By Chloe Gregori
Whether students are cramming for late night exams, needing a spike of energy during a 9 am lecture, or studying at a local Berkeley cafe—coffee embodies the college experience. In fact, 54 percent of Americans over the age of 18 drink coffee every day. Coffee is worth over $100 billion worldwide, placing it ahead of other global commodities like gold, natural gas, and oil.
However, this massive and lucrative industry is not without social cost. The complex supply chain—from coffee bean to cup—tends to funnel money to corporations in wealthy countries from farmers in poorer countries, where the beans are arduously picked by hand. In 2016, two of the world’s biggest coffee companies, Nestlé and Dunkin’ Donuts, admitted that beans from Brazilian plantations using slave labour may have tainted its coffee products. Overall, coffee is one of the most notorious industries for human rights abuses. Workers are vulnerable to low wages, exploitative work conditions and, at worst, forced labor and human trafficking.
The Berkeley Coffee Project, an initiative under the Anti-Trafficking Coalition, which is a Blum Center-sponsored IdeaLab, is aiming to empower students to become more conscious consumers and educate them about labor practices connected to their everyday purchases. As the Berkeley Coffee Project Planning Chair Sophia Arce states, “To minimize human rights violations within this industry, it is up to us, the consumers, to demand products that hail from a fair, transparent supply chain.”
Arce, a senior Global Studies major, led a team of over 30 students from diverse disciplines to develop “Conscious Coffee”—an app that allows students to easily find ethically sourced coffee near the UC Berkeley campus. The app includes a list of 30 partner cafes sorted by distance from user’s location, sourcing certifications (along with explanations of their meaning), and links to each cafe.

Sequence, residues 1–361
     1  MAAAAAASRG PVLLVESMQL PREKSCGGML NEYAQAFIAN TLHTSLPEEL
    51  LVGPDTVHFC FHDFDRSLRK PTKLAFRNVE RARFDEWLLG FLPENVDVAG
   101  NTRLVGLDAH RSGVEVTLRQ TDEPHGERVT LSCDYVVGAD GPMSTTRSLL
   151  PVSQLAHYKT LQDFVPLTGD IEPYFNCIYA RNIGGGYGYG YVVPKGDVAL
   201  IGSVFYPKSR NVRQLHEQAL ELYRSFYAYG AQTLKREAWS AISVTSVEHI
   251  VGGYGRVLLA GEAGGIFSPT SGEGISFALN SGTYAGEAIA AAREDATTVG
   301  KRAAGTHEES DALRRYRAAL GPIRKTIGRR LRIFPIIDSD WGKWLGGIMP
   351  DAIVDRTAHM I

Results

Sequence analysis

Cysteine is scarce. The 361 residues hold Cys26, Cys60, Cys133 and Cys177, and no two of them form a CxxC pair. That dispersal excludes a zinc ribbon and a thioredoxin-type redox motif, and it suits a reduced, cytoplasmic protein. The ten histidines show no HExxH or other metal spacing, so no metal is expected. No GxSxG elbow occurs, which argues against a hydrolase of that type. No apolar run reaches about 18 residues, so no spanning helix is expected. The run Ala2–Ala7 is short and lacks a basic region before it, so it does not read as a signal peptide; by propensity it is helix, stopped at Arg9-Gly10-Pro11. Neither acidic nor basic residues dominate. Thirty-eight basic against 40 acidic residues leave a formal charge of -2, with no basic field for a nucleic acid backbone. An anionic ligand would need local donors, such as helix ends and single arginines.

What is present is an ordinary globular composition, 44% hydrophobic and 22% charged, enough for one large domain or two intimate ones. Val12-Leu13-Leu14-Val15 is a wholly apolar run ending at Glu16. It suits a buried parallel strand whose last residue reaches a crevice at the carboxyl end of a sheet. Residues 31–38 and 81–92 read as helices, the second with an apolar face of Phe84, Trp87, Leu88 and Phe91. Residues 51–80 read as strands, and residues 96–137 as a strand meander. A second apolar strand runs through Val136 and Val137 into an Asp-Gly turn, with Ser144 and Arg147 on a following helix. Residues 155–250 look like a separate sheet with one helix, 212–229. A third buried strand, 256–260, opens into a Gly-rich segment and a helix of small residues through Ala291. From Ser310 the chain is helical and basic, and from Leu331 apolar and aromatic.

To launch the app, the team hosted Coffee Festival in early April, an event for students to learn more about local companies that use ethical sourcing and get their fair share of free coffee products. The festival featured campus vendors, such as CalDining (which sells Fair Trade coffee via its partnership with Peets) and Equator and local businesses like COBA, Sweet Maria’s, FORTO, and Rebbl. Students also learned from Berkeley Coffee Project representatives about the difference between fair trade, direct trade, USDA Organic, and a range of sustainability labels.
“Understanding the labels is a basic step, but there are so many ways for products to be ethically sourced,” Arce explained. “It’s important not to accept labels at face value and do your research.”
The Berkeley Coffee Project plans to recruit more cafes to be listed in the app and create a purchasing rewards feature.
“There is a perception that products with labels like Organic or Fair Trade are too expensive for the general population to afford, let alone college students scrambling to afford Bay Area housing costs and overpriced textbooks,” said Arce. “If the goal of ethically sourced products is to empower economically marginalized populations, shouldn’t they be accessible to consumers who also struggle financially?”
Arce said this irony inspired her to add a rewards system for future app development.
“Not only do I want to provide Cal students with the information they need to make conscientious consumption choices, I want to give them the financial resources to make these choices viable.”
Want to learn more about ethically sourced coffee near campus? Download the Conscious Coffee for Android here or on the Apple App Store.